The knee is made up of four bones. The femur or thighbone is the bone connecting the hip to the knee. The tibia or shinbone connects the knee to the ankle. The patella (kneecap) is the small bone in front of the knee and rides on the knee joint as the knee bends. The fibula is a shorter and thinner bone running parallel to the tibia on its outside. The joint acts like a hinge but with some rotation.
The knee is a synovial joint, which means it is lined by synovium. The synovium produces fluid lubricating and nourishing the inside of the joint. Articular cartilage is the smooth surfaces at the end of the femur and tibia. It is the damage to this surface which causes arthritis.
Why does a knee need to be revised?
It will be explained to you prior to surgery what is likely to be done but in revision surgery the unexpected can happen and good planning can prevent most potential problems. The surgery is often, but not always, more extensive than your previous surgery and the complications similar but more frequent than the first operation.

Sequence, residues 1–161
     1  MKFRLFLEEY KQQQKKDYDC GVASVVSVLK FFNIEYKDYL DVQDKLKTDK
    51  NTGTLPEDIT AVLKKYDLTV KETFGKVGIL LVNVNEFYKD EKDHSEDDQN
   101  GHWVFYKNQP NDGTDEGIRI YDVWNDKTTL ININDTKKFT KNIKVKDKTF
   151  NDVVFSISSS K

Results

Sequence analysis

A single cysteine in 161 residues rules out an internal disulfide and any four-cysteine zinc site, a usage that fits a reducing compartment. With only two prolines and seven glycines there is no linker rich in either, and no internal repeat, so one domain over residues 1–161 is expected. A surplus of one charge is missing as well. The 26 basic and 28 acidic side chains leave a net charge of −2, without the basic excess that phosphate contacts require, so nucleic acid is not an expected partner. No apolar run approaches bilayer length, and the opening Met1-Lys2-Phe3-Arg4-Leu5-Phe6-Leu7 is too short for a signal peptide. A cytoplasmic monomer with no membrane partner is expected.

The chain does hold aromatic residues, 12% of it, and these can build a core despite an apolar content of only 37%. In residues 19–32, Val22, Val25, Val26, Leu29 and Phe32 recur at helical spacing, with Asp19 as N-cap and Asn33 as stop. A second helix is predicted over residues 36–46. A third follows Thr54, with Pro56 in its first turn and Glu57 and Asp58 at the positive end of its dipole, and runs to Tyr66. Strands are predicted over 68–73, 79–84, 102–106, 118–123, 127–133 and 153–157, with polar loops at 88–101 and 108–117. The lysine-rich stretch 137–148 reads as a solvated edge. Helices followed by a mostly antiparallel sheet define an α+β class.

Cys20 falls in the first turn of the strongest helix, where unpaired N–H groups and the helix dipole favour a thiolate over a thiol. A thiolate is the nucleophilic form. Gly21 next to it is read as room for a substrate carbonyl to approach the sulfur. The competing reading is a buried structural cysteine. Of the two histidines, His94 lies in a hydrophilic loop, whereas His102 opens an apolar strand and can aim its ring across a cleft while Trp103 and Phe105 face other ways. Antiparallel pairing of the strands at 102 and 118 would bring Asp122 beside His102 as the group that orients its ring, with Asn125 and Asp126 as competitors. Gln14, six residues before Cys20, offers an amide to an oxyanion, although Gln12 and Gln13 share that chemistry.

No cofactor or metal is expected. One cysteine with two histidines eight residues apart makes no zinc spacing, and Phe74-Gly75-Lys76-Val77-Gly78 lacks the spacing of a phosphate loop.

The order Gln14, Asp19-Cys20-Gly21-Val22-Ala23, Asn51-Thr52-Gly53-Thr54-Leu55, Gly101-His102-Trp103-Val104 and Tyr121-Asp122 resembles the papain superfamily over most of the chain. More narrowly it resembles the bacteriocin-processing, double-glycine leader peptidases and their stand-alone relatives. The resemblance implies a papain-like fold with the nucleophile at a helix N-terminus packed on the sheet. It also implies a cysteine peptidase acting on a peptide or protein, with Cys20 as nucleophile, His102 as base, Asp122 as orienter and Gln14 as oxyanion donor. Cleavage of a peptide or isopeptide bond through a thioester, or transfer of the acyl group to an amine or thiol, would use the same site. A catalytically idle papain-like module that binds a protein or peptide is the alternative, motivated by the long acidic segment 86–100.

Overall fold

The surgery varies from a simple liner exchange to changing one or all of the components. Extra bone (cadaver bone) may need to be used to make up for any bone loss.
Risks and Complications
As with any major surgery there are potential risks involved. The decision to proceed with the surgery is made because the advantages of surgery outweigh the potential disadvantages.
It is important that you are informed of these risks before the surgery takes place.
Complications can be medical (general) or local complications specific to the knee.
To learn more about the risks and complications involved with knee surgery click here